University of California, San Francisco (UCSF) scientists introduced into a stem cell culture a pair of DNA snippets containing part of a gene, called Oct4, which is essential to all embryonic stem cells. The gene also allows cells to form tumors called teratomas, but it is not active once a stem cell starts down the road to becoming a specialized cell type. At one end of each DNA snippet, or "molecular beacon," the researchers attached a fluorescent protein, and, at the other end, they engineered the DNA so that it could "quench" the fluorescent light using a process known as fluorescence-resonance energy transfer (FRET).
When introduced into the cell culture, the two DNA fragments naturally sought to bind, or anneal, to similar genetic sequences in the messenger RNA, or mRNA, made by the cell's Oct4 gene. However, they could do so only if the gene was turned on, as it is in teratoma-forming cells—not in stem cells already destined to become specialized tissue. When the two DNA snippets annealed to an Oct4 mRNA, their fluorescent proteins lit up, and a cell-sorting machine then fished out the fluorescently tagged cells—but no others. They reported separating out the desired stem cells from the teratoma-forming cells at a rate of about 25,000 cells per second.
The research finding is currently published online in the journal Stem Cells and Development, and will appear later this year in a print edition of the journal. Embryonic stem cells, which replicate indefinitely in the culture dish, are capable of forming almost any tissue in the body. Over time, they begin to specialize as specific cell types, such as cardiomyocytes of the heart or neurons of the brain. One goal for stem cell therapy is to be able to identify cells that have begun to specialize in a particular way so that they could serve as a source of cells to repair specific damaged tissues.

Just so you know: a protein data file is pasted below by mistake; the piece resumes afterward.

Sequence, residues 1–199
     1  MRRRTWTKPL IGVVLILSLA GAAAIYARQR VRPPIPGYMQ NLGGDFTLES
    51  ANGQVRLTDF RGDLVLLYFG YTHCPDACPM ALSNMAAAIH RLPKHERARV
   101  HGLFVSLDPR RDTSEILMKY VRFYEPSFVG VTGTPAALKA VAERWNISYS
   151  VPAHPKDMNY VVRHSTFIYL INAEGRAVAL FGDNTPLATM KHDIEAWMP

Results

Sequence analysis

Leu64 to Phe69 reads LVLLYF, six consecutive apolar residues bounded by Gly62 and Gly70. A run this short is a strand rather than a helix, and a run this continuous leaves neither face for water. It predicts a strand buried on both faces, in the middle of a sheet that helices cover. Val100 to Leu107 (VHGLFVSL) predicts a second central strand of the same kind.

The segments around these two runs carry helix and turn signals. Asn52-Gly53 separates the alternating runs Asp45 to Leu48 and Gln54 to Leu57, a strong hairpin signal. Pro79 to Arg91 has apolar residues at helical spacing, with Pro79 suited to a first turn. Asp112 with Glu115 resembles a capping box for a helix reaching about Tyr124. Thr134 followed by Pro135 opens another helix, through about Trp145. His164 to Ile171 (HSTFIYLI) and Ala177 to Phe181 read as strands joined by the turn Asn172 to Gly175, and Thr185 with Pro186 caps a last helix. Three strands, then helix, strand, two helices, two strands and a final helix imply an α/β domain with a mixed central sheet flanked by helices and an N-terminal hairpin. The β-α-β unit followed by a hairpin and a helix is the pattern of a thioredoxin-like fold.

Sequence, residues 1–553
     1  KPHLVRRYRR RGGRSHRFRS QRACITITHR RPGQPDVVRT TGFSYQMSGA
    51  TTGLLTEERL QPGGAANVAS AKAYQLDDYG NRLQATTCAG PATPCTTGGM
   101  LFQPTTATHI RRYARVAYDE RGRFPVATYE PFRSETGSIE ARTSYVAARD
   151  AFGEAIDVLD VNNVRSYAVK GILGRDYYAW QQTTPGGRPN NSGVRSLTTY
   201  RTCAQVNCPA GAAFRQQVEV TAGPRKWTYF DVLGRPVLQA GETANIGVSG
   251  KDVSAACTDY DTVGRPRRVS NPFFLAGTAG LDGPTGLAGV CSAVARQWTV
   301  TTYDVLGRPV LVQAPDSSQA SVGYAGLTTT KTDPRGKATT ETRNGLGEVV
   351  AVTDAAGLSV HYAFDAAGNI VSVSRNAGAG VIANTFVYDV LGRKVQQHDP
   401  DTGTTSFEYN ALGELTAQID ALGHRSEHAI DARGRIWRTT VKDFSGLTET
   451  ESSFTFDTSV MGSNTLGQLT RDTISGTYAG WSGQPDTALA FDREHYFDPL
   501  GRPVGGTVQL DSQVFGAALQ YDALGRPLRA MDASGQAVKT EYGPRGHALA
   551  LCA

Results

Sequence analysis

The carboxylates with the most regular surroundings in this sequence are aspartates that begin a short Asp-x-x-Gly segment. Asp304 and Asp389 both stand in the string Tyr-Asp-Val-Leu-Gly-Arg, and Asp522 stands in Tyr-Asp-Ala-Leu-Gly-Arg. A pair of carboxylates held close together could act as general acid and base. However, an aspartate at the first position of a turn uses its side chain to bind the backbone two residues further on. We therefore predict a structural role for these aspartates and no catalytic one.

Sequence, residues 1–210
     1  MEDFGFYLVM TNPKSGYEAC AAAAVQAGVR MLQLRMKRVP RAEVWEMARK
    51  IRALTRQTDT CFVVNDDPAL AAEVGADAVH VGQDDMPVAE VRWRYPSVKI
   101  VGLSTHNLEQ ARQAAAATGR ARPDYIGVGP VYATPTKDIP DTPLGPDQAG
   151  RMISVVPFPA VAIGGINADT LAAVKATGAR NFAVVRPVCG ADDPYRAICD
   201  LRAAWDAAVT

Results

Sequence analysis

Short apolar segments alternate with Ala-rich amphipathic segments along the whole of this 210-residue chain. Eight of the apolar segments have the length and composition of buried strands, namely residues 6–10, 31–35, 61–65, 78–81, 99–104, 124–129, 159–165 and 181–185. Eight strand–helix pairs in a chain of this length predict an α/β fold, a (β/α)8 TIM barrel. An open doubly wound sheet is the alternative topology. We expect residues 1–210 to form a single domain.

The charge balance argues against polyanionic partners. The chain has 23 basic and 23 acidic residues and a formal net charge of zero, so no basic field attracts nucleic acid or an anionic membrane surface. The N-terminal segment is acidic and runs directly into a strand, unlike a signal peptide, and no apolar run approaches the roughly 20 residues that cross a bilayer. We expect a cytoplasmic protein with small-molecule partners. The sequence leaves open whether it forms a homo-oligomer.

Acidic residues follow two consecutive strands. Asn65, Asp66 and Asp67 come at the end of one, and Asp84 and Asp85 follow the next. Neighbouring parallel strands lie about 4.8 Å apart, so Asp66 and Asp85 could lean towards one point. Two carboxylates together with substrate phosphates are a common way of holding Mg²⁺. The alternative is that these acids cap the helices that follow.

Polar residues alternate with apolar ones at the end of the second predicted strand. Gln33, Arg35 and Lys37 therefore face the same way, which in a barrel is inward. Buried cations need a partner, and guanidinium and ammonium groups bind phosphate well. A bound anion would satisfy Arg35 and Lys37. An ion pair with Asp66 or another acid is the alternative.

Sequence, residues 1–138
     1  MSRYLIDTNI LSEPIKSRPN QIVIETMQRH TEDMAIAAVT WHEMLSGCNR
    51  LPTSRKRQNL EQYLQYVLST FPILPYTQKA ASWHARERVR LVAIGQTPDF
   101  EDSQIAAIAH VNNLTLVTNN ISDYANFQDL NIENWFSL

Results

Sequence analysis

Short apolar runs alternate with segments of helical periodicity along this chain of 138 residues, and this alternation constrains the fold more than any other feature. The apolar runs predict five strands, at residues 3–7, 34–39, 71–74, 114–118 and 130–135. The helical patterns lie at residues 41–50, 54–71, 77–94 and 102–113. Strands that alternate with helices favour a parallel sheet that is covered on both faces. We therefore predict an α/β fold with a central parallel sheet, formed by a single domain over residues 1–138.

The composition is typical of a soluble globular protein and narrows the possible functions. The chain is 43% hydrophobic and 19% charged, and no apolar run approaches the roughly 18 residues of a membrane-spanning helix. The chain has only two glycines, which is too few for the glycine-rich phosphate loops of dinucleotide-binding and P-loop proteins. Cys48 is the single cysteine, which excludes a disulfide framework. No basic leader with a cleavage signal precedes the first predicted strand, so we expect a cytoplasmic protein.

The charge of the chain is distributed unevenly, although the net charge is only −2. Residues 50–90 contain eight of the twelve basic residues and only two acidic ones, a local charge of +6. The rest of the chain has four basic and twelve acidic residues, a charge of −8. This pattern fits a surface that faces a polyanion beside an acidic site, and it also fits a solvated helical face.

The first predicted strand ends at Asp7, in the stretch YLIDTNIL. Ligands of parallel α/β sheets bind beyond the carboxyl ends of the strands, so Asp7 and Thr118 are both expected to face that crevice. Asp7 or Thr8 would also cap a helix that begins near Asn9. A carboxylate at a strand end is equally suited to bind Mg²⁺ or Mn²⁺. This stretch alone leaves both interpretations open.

The researchers say they expect that the same approach could be used to separate and purify different types of cells as they advance from the stem cell state into neurons, heart cells or any other type of tissue needed for future stem cell therapy.
Lead author on the paper is Frank W. King, PhD, who was a post-doctoral fellow with Bernstein at the UCSF Cardiovascular Research Institute (CVRI) when this research was done. Co-authors on the paper are Walter Liszewski, BA, and Carissa Ritner, BS, both staff research associates in the Bernstein Lab at the CVRI.
The research was supported in part by the state-funded California Institute for Regenerative Medicine (CIRM). The technique has been disclosed to the UCSF Office of Technology Management for potential licensing, as well as to CIRM. In addition to funding from CIRM, the research was supported by the National Heart, Lung and Blood Institutes.